~Susan Cain, Quiet: The Power of Introverts (via thatkindofwoman)
Yes. I love solitude.
Teachers have tough jobs, especially in an era of technological change, when boards actually think that a teacher who tells students to create a Facebook page for a protagonist in a novel is better than a teacher who demands an essay packed with the critical thinking that will be a high-school graduate’s only weapon against the world. Teaching is hard.
What worries me most is that this struggle over which teachers should be hired for well-paying jobs conceals a weird and permanent change in the other great power struggle: that between teacher and student. I see a mad desperation in teachers’ eyes. Whether it’s the now-outdated Facebook, or tablets in class or cute class projects — I recall making a DNA model out of licorice — teachers are told to “engage” students.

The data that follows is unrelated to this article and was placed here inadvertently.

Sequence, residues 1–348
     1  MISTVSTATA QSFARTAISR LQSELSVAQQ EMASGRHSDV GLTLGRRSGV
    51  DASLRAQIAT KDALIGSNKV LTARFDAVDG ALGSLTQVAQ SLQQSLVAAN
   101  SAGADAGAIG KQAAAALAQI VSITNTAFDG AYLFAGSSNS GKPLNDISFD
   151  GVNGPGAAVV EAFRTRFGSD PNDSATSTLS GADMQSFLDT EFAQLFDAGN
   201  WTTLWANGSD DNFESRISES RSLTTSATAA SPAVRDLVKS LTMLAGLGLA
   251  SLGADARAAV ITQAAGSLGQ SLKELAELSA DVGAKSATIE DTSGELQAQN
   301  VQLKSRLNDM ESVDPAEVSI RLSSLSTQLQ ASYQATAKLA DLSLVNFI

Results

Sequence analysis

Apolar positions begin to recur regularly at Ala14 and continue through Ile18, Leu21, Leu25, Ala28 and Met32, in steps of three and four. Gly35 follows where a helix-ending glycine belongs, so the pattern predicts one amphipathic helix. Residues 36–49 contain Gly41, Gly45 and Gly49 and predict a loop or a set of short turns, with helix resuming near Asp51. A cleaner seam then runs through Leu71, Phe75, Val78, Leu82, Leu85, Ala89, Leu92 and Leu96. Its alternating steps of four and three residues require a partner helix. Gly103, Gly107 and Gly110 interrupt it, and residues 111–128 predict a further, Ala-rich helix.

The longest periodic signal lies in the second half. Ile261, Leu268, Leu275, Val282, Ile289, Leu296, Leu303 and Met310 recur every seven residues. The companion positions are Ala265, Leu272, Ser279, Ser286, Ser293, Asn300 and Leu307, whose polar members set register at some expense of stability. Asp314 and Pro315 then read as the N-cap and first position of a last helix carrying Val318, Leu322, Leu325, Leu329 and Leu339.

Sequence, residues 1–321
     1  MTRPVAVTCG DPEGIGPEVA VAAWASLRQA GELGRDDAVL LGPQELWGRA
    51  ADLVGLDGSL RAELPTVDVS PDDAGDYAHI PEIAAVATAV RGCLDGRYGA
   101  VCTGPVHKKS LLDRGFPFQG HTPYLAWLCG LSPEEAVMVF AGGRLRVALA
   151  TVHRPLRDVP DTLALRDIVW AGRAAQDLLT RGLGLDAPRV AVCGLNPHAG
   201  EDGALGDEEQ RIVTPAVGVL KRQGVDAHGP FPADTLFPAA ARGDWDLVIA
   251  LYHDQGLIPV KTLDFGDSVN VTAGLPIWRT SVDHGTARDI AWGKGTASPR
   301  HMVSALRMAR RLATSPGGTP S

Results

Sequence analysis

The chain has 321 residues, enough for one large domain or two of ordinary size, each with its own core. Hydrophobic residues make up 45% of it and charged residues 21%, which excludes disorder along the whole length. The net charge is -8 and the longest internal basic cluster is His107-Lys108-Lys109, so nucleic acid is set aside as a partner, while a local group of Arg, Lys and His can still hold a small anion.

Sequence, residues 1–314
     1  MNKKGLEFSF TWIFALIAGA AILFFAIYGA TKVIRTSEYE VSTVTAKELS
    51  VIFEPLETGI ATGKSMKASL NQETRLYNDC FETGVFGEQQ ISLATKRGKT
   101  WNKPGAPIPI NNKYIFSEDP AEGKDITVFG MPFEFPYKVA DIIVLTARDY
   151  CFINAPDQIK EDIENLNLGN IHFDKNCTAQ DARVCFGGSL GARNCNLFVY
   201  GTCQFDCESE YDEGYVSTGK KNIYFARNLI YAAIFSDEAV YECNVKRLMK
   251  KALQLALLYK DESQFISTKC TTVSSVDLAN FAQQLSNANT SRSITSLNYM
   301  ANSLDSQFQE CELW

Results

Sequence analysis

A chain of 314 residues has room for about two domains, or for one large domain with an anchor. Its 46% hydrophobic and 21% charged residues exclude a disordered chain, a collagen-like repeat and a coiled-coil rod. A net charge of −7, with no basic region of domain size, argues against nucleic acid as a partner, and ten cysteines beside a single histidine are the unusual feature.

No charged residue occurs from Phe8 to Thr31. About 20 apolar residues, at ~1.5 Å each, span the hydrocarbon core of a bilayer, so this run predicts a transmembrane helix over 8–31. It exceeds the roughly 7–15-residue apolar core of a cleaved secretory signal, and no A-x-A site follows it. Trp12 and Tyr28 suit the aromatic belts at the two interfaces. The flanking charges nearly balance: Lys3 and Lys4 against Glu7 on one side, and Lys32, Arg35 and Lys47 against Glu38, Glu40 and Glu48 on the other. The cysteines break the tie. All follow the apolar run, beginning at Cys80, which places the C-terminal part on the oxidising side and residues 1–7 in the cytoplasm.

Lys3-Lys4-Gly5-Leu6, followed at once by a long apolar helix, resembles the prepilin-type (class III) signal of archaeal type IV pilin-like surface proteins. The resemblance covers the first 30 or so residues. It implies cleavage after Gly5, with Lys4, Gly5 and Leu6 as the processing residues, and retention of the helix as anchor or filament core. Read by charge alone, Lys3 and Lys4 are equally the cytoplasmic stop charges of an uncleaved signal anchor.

It’s a sort of pedagogical flirting. Learning must be “fun.” Teachers must lure the student into learning.
The best teachers are the ones who insist that students learn, rather than catering to a world of distraction.
Aut disce aut discede is the best school motto.
What does it mean? A good teacher would tell you to look it up for yourself
Heather Mallick, Toronto Star (via justthatgirlpam)
This. This is what I’m up against this year.
It would be so easy to cave and just do the trendy tech based projects my principal and grade team leader love.
Besides teaching, my other job is to show them comprehensive arts Ed. (via msleahhbic)